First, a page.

One weird sight: old buildings with new things like a Macdonalds and an electric billboard.

copenhagen old and new

There are bike lanes everywhere and man, are the riders aggressive. If a pedestrian strays into their space, they will curse and sometimes try to push you out of their way. One of our bus drivers called them anarchists on wheels and they are. They don’t stop for red lights or anything!

copenhagen bike lane

A tiny lane for cars and a tiny lane for pedestrians and a wide lane for bikes. There are more bikes than people in Copenhagen – which means some people have two or three.

Witchcraft – Salem and More

I ‘ve had a couple of questions about my most recent book, Death in Salem. Why didn’t I fully explore the witchcraft angle? Well, as I’ve said in earlier posts, Salem by 1797, was a very cosmopolitan city. It was not only the sixth largest, one of the most diverse (with the first East Indian immigrant populations in the US) but it was also the wealthiest. Salem’s witchcraft past was more an embarrassment.

IMG_2633

House of one of the judges.

 

 

 

 

The witchcraft spell has never completely left Salem, however. On one of our tours, the guide was the descendent of one of the accused witches. Reminders of this past abound.

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Graveyard includes memorials to those that were executed.

 

 

 

 

Although Salem became something other – a huge center of shipping and trading, however, the belief in witchcraft did not fade. In an earlier blog I wrote about trials that continued, right up to one in Russia in 1999. Belief that women are witches never completely disappear.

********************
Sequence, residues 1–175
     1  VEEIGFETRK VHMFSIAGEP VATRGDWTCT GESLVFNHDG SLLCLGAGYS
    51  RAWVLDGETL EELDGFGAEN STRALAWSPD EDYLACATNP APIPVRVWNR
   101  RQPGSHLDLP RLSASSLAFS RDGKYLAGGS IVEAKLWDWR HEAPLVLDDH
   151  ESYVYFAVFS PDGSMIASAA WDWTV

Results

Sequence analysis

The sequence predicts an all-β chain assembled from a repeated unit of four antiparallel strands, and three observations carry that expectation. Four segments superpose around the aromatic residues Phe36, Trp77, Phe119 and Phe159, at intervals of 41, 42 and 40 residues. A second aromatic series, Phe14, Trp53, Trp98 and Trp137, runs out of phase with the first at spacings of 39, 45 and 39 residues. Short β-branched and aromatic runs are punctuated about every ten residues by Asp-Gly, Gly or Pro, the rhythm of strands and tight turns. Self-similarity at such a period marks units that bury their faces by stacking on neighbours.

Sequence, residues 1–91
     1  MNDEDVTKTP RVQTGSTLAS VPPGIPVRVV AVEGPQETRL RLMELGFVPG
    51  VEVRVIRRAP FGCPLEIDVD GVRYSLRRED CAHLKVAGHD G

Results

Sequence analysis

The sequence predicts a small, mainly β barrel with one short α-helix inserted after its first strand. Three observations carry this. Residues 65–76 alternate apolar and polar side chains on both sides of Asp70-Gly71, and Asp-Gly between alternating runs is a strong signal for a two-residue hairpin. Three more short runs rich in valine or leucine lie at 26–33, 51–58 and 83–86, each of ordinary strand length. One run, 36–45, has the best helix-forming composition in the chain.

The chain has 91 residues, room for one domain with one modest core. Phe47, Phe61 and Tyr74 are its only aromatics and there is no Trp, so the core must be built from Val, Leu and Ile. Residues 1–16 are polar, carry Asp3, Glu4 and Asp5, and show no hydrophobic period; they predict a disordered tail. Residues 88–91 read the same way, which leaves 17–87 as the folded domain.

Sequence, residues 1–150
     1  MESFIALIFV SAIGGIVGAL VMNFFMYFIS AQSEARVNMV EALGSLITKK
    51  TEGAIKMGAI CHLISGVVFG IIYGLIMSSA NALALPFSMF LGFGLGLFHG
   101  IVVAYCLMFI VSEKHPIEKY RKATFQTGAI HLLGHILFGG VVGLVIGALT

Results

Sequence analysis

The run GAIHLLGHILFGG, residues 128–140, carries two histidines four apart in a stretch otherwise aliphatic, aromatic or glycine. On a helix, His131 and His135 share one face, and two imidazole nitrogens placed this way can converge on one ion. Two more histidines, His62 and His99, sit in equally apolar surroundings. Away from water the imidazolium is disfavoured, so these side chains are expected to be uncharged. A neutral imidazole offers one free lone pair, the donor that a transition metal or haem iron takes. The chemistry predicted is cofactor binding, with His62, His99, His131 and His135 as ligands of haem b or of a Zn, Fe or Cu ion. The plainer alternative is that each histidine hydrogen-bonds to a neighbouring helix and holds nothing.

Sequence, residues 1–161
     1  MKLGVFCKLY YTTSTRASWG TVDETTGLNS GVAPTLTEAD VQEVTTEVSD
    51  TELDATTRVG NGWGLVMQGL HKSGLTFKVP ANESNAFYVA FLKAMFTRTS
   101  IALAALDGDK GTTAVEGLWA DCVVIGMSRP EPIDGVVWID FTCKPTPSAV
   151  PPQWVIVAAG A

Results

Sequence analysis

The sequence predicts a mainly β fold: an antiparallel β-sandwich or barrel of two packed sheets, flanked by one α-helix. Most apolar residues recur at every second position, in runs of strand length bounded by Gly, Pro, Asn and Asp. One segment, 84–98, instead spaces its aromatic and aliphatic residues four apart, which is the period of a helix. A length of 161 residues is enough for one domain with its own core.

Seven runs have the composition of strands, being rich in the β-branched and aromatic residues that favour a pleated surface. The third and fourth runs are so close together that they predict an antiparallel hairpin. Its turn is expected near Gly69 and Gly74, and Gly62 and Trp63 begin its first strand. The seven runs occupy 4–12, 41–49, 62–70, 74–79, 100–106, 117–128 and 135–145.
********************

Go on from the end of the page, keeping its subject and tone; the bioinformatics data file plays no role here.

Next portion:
And I wonder what is behind these accusations? Belief? Greed, malice, revenge? Hatred of women. With Gamer gate and all of the Internet attacks on women we  cannot discount that as a motive.

Christianity certainly plays a part.I think most of us are familiar with the quote from the Bible about not suffering a witch to live. During the middle ages and right up to modern times this has been used to execute any number of innocent people, primarily women.

I will blog  in the future about my research into witchcraft and goddesses – I think the two are tied.

To answer the question I have asked, I decided, that since I did not explore witchcraft and the psychologies behind it in Death in Salem, I would do so in the next book. That book, titled The Devil”s Cold Dish, will be coming out next year. Spoiler alert: it does not take place in Salem.